What Are the Different CAD/CAM Jobs?

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  • Written By: Benjamin Arie
  • Edited By: Shereen Skola
  • Last Modified Date: 05 December 2019
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Computer-aided design (CAD) and computer-aided manufacturing (CAM) are similar specialties that are often used in industry. CAD/CAM jobs rely on specialized software programs to model a product or part before it is physically built. This approach allows workers to visualize a component before raw materials are consumed, and increases the efficiency of the manufacturing process. Some of the most common CAD/CAM jobs are computer drafting and mechanical engineering. This technology is also used in both architectural and cartographic design.

Workers in computer drafting jobs create preliminary drawings and designs for a variety of products. These drawings usually include important details such as the dimensions or materials that are needed. Drafters usually are not responsible for originating new engineering ideas, but instead focus on illustrating existing ideas in a technically-accurate visual format. As with other types of CAD/CAM jobs, computer programs are important in this career. Drafting software allows a professional to quickly reproduce elements of a design, and ensure that important dimensions are calculated correctly.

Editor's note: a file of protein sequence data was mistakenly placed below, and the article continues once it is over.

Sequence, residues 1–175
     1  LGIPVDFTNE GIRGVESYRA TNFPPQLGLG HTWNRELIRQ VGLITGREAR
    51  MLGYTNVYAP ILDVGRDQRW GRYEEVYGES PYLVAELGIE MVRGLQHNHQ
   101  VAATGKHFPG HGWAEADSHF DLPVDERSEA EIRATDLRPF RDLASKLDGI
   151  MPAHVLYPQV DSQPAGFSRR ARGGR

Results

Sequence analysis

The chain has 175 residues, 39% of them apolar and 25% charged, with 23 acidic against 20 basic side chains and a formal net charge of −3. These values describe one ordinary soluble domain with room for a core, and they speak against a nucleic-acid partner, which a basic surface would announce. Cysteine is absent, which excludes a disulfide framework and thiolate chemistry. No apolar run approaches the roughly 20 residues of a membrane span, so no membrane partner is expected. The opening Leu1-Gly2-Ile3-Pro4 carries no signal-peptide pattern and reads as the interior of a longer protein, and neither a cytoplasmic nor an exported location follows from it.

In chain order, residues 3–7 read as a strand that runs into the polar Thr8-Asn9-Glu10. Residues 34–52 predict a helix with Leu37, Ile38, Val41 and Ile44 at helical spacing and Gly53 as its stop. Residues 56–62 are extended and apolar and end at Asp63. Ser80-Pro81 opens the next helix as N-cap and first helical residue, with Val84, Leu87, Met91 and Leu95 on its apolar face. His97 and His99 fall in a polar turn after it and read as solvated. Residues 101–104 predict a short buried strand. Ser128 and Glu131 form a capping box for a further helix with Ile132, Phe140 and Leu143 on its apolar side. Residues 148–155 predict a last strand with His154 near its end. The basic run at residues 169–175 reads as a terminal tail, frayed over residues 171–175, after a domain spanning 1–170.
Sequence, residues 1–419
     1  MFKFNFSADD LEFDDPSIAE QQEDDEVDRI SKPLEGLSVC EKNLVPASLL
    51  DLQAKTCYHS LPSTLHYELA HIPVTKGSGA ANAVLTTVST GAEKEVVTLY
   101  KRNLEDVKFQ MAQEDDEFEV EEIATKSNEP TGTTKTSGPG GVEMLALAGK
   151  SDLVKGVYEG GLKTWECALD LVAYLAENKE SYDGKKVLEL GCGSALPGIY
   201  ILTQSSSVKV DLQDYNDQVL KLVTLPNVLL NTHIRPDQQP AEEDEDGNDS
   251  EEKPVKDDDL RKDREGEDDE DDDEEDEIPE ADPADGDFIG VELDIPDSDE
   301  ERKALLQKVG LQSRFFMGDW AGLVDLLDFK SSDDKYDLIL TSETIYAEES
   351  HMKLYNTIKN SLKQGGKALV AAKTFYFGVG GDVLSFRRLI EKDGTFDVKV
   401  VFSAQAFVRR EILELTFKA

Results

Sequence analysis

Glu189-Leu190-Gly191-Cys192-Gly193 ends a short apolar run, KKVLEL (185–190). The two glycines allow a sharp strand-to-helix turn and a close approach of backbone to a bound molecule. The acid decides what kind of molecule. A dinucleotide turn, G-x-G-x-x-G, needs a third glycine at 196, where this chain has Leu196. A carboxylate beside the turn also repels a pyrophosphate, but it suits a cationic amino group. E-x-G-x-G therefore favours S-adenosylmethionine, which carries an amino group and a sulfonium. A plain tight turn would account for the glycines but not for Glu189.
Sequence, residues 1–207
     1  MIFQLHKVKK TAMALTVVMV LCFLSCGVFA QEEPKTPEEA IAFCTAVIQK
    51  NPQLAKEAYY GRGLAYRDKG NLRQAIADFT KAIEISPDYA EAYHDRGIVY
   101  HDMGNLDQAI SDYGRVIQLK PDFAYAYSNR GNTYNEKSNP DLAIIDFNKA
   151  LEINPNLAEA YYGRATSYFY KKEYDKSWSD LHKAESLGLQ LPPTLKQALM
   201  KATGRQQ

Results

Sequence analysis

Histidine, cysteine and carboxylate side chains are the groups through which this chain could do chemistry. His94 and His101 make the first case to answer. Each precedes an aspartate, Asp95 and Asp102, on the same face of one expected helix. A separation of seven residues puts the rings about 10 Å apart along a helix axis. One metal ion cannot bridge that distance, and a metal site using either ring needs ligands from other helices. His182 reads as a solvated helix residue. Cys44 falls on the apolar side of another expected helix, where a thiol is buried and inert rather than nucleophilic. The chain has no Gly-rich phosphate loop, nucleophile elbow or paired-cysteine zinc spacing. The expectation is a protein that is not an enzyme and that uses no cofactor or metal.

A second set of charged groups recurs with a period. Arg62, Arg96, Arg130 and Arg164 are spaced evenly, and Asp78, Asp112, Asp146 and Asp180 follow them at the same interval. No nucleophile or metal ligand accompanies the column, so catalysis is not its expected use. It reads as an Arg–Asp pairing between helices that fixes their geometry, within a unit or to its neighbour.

Mechanical engineering is another CAD/CAM jobs specialty. Engineers in this profession must develop and test new physical devices or machines. These workers are responsible for taking a broad concept and creating a workable plan to produce the idea in real life. In engineering CAD/CAM jobs, software can be used to simulate machines in a virtual environment. Mechanical engineers are able to see how parts interact on a computer screen, and locate potential problems before a device is built.

While mechanical engineers are experts at developing machines, architectural designers specialize in creating buildings and homes. These workers must understand what features make a building structurally sound, and are required to consider safety codes to minimize fires or unsafe elements. Just as an engineer can use CAD and CAM software to visualize a mechanical component, architects often rely on computers to simulate the construction of a building. Experts in this field can produce virtual walk-through simulations of an environment, and demonstrate exactly how a new home or office will appear.

Cartography, also known as map-making, is another field that makes frequent use of CAD and CAM. A cartographic designer has the task of turning geographic information into an easily understandable visual format. These workers collect data from many diverse sources, including land surveys and aerial photographs. Computer-aided design is used to connect this collection of data into a useful and efficient map. CAD allows cartographers to visualize how geography fits together, before a final map is created.



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